Health Watch -- Food-Borne Illness: Food Safety

Health Watch is a public service of the Office of News and Publications and is intended to provide general information only and should not replace the advice of a medical professional. You should contact your physician if you have questions about any of these topics.

We know that diets high in fat can increase your risk for heart disease, but there are other ways food can make you sick. When food isn't properly stored, cleaned and cooked, it can cause serious illness. This week on Health Watch, we'll talk about food-borne illness and how to prevent it.

Nutrition experts at UT Southwestern Medical Center at Dallas say hot weather is prime season for food spoilage because the warmth provides the right environment for bacteria to grow faster. Lona Sandon, a UT Southwestern dietitian, says that foods such as dairy, cold cuts and raw meat shouldn't be left out in temperatures in the 80s or higher for more than an hour.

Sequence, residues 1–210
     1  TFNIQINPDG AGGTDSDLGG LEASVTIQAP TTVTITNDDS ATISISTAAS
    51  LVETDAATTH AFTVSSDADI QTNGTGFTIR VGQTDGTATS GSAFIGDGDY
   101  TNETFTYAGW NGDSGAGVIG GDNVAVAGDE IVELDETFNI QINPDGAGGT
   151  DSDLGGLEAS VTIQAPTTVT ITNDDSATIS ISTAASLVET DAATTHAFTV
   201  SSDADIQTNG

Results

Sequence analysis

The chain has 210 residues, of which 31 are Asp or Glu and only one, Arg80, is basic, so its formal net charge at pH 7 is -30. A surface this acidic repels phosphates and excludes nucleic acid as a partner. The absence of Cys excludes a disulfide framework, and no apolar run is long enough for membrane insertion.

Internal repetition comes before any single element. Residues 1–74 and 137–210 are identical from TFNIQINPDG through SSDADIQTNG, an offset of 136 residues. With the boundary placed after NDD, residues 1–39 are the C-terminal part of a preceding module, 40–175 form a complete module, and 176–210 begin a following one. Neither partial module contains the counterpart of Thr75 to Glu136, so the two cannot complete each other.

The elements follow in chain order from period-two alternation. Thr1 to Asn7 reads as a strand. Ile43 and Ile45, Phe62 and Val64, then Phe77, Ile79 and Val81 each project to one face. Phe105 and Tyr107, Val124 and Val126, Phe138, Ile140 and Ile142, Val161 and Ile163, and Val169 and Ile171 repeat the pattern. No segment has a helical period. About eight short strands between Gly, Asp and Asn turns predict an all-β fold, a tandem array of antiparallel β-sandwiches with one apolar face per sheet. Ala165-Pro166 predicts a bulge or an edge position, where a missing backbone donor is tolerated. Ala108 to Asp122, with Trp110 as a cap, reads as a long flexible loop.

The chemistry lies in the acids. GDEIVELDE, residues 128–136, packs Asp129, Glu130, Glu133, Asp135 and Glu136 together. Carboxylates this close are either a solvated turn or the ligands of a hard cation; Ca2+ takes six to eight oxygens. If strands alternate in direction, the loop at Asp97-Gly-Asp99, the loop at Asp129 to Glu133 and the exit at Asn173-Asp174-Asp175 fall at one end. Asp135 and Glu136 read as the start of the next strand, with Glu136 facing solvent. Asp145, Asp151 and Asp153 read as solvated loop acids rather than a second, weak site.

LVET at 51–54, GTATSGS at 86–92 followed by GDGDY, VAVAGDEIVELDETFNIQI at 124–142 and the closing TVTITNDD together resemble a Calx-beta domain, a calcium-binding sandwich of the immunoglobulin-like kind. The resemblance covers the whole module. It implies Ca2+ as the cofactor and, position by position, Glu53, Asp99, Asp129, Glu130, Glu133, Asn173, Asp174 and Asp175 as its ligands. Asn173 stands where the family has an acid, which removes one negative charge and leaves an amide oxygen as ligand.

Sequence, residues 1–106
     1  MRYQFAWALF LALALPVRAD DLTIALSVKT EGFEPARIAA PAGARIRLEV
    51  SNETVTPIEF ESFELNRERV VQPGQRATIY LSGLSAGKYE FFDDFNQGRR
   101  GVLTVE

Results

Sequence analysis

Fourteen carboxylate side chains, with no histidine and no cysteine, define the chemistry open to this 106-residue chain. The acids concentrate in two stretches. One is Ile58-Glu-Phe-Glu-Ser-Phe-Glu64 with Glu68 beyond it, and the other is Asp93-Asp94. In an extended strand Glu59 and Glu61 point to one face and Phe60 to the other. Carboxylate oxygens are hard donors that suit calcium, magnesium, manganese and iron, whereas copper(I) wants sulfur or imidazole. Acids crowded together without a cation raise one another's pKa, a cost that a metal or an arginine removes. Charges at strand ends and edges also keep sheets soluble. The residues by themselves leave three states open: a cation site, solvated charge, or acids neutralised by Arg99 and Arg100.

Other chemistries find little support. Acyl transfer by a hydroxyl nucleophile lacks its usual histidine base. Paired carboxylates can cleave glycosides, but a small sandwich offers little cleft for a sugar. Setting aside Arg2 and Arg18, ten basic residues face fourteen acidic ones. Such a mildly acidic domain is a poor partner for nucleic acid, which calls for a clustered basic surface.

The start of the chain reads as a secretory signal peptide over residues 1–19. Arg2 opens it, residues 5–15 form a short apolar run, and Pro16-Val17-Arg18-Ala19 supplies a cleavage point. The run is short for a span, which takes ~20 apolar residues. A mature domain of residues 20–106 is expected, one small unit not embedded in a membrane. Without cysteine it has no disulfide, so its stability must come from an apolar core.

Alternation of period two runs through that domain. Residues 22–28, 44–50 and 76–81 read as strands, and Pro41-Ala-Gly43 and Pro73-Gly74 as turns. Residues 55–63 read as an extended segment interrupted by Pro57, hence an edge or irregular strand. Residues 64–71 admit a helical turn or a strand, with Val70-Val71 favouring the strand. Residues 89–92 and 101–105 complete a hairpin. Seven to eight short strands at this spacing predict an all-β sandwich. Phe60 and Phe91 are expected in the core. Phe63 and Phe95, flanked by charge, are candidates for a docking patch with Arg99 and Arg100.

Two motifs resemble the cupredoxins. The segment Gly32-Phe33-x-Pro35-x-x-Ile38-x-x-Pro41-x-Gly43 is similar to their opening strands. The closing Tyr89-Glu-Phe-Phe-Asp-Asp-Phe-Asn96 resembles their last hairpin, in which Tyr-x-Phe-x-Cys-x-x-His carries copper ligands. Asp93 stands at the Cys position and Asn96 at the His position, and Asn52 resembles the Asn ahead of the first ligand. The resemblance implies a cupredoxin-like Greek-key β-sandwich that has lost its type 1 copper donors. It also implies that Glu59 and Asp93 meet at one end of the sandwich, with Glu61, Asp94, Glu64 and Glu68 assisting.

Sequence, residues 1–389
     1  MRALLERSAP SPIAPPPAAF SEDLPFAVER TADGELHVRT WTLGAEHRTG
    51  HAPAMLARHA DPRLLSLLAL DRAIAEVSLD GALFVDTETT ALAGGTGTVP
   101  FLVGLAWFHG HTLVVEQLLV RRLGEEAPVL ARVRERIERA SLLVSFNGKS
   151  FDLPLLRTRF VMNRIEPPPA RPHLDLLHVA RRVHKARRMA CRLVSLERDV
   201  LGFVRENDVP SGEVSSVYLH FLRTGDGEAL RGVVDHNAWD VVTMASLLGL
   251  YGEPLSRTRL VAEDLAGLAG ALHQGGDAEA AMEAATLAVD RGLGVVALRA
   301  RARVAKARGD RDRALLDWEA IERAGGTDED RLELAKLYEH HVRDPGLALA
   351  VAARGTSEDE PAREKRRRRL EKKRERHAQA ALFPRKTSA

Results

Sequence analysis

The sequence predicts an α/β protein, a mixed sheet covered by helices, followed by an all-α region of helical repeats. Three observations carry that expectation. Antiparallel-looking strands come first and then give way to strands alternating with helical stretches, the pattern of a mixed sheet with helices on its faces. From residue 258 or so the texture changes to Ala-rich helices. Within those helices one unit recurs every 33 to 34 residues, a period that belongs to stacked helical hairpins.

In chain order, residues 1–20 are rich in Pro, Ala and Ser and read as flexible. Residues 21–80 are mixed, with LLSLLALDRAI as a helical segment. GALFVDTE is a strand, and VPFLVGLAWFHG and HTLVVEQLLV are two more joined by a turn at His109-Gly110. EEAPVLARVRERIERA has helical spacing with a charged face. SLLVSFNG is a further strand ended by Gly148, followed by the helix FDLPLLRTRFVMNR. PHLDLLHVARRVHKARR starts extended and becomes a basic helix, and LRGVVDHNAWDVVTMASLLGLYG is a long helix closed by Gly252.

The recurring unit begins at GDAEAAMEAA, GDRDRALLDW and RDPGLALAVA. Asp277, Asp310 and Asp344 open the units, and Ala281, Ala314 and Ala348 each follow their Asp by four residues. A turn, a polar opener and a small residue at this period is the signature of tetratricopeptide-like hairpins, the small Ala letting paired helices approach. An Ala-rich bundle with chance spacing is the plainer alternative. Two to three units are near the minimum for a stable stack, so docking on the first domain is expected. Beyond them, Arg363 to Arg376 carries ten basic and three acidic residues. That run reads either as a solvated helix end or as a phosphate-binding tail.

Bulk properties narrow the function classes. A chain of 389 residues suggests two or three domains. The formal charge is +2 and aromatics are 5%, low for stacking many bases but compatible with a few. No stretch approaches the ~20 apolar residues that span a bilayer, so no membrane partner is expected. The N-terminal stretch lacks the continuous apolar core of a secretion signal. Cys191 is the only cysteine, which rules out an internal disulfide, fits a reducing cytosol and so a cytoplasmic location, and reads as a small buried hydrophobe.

Always wash your hands before eating, especially if you've been working with raw meats to prepare the meal. If water isn't available, use wipes or sanitizing gel.


July 2006

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